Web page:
Five college softball players from Arizona have been living the dream this summer.
Four players from the University of Arizona and one from Arizona State were selected last month to the 2010 USA Softball Women’s Futures National Team. The prestigious team is made up of athletes who currently play, or have played, at 13 different schools in six D-I conferences.
That was an honor in itself. But the opportunity to play for the Futures Team also gave the players a chance to compete with one of the legends of the game, Arizona’s own, Jennie Finch.
Finch plays for the USA National Team, which just got done playing a pair of exhibition doubleheaders against the Futures National Team.
The underlying mission for all of these players: to get softball reinstated as an Olympic sport.
Finch, the UofA graduate that went on to win a gold medal and silver medal at the Olympics before the sport was dropped, has spent the last five years focused on getting softball back into the Olympics. Both softball and baseball will have a chance in two years to be voted back into the event, but wouldn’t be included until the 2016 games. They were the first sports cut from the Olympics since polo got the axe in 1936.
It’s our mission,” said Finch in a recent interview. “And we’ll do everything in our power, everything we can, to get back in.”
And now she has a new wave of supporters in that mission, 18 college players who will help take the message across the country.
Players from the University of Arizona include Kenzie Fowler (pitcher), Brittany Lastrapes (outfield), Jenae Leles (infield), and Lauren Schutzler (outfield). The Sun Devil in the mix is infielder Katelyn Boyd.
Fowler is the amazing freshman pitcher that is already being compared to Finch, who has arguably become the most well-known softball player in the history of the game. At UofA, she was a three-time All-American that also got off to a great start her freshman year, winning 24 games. By her junior year, she set an NCAA record with a 32-0 record.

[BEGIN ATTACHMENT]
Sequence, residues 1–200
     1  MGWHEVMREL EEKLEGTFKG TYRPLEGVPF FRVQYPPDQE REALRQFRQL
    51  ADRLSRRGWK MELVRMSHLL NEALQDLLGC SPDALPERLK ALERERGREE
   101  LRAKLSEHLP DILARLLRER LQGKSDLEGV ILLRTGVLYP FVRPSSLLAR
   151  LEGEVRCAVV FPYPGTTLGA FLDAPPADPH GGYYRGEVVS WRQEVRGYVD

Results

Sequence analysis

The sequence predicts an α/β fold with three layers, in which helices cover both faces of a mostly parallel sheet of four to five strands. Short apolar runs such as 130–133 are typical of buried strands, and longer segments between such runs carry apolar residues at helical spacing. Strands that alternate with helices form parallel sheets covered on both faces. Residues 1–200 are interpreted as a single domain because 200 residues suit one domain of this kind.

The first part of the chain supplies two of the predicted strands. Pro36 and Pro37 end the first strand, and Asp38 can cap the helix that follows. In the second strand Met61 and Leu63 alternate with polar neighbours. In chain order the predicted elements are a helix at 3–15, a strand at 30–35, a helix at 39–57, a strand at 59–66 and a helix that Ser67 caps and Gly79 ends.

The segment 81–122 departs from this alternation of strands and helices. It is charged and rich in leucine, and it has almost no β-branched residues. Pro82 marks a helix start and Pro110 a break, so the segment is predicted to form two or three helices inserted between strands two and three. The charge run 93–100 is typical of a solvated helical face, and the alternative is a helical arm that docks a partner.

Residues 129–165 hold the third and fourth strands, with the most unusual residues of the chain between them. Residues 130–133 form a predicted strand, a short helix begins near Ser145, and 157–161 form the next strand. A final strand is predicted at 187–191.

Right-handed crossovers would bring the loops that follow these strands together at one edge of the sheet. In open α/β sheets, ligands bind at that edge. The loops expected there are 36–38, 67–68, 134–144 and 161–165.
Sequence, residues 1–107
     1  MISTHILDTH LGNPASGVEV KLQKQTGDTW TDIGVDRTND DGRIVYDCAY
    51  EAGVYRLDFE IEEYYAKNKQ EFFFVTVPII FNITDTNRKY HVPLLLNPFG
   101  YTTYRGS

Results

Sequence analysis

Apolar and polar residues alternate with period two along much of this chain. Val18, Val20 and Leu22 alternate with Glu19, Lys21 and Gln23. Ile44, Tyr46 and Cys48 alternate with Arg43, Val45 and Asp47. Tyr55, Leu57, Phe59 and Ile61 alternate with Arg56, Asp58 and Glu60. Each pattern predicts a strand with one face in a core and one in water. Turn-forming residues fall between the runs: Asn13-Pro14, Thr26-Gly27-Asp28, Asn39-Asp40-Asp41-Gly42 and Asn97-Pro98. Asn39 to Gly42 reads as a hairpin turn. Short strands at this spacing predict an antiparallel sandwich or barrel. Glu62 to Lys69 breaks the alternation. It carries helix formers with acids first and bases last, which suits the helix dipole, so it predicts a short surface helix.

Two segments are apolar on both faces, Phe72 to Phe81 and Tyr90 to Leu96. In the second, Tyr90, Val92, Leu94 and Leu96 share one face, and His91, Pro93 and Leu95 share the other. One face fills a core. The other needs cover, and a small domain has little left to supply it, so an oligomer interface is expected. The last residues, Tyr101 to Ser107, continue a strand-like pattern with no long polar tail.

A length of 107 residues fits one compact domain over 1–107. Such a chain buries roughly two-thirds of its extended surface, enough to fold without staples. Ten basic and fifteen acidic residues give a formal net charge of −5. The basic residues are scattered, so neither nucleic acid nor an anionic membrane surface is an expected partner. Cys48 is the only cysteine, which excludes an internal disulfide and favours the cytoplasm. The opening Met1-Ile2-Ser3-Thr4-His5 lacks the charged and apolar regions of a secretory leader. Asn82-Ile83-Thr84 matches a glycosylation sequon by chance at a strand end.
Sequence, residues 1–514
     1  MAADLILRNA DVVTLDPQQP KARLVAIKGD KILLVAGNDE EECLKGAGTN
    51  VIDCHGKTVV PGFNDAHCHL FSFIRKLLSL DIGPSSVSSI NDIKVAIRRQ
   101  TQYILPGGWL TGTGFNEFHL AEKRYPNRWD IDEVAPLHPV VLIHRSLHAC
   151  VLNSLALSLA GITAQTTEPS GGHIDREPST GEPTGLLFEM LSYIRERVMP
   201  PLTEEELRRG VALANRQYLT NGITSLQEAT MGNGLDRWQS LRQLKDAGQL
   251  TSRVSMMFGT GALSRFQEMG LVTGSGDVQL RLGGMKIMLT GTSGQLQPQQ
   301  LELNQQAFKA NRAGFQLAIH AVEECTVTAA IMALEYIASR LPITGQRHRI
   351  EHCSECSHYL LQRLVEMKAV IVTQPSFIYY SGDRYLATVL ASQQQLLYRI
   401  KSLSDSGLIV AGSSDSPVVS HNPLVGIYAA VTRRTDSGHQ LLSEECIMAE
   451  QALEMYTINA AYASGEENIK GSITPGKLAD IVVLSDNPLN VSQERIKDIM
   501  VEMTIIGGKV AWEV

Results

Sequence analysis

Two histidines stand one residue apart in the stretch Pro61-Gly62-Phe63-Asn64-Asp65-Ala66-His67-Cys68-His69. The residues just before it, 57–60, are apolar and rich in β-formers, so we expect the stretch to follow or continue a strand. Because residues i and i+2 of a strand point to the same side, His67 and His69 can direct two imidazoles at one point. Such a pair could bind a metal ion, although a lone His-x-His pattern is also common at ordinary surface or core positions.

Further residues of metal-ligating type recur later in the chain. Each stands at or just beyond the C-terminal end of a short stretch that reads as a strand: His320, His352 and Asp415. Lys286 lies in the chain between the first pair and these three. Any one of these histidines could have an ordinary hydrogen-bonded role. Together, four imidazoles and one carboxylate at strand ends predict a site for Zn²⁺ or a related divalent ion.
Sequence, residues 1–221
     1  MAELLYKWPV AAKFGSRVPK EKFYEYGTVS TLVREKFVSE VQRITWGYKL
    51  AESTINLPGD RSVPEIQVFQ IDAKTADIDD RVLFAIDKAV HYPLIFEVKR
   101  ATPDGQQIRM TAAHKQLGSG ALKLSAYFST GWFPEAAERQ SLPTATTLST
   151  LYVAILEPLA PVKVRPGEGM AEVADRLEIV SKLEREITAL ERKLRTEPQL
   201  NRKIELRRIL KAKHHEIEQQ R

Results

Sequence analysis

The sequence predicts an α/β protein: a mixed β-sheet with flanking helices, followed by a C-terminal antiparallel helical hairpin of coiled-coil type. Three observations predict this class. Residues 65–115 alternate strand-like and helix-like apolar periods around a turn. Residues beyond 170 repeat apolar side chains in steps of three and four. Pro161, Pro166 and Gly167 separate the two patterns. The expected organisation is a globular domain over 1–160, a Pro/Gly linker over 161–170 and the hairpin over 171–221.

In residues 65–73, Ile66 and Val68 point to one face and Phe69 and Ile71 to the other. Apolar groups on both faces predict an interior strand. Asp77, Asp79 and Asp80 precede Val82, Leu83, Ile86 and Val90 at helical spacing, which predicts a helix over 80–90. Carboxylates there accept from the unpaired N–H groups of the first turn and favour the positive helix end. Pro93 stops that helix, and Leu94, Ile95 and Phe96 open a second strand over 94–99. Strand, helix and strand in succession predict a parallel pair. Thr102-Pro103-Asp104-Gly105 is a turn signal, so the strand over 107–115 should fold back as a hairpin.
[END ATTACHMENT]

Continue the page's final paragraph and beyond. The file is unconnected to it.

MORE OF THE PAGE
Fowler finished the season with an awe-inspiring record of 38-9, carrying the Wildcats on her back all the way to the NCAA Championship series, where the Cats lost to UCLA. The graduate of Canyon del Oro HS in Tucson was selected to the All-Tournament Team.
Boyd is also still a youngster with a huge upside. The sophomore from Horizon HS in Scottsdale led the Pac-10, and the nation as well, in just about every offensive category at some point in the season. She was just named an NCFA First Team All-American.
The Sun Devils finished the year 44-17 and won their regional before being ousted in the Super Regional by Florida.
Now, the quintet from the desert have begun their travels as ambassadors of the game. Their first assignment was to provide an opponent for the National Team in exhibition games played last week in Ohio, a doubleheader in Canton and another in Ashland.
The National Team took all four games from the Futures Team, without letting the newcomers score a single run. Consider it a learning experience for the youngsters.
But Finch pitched some of the innings both nights, so the college kids got a chance to play against one of the game’s best ever.
That first night, at Thurman Munson Stadium in Canton, 4,128 fans showed up. Finch spent time before the game signing items and posing for photos with the locals.
That’s part of her job, as the ‘face of women’s softball’. She’s happy to do it because it moves her mission forward.
But USA Softball will take the message on the road to other countries as well. The National Team is currently playing at the June 23-July 2 World Championships in Caracas, Venezuela. And next month, the Futures Team will take on the National Teams of Canada and Japan, along with the USA team, at the 2010 World Cup of Softball in Oklahoma City.
The idea is to increase the sport’s visibility throughout the world, and hopefully encourage other countries to pick up the game.
Finch and the rest are counting on that road to eventually lead back to the Olympics.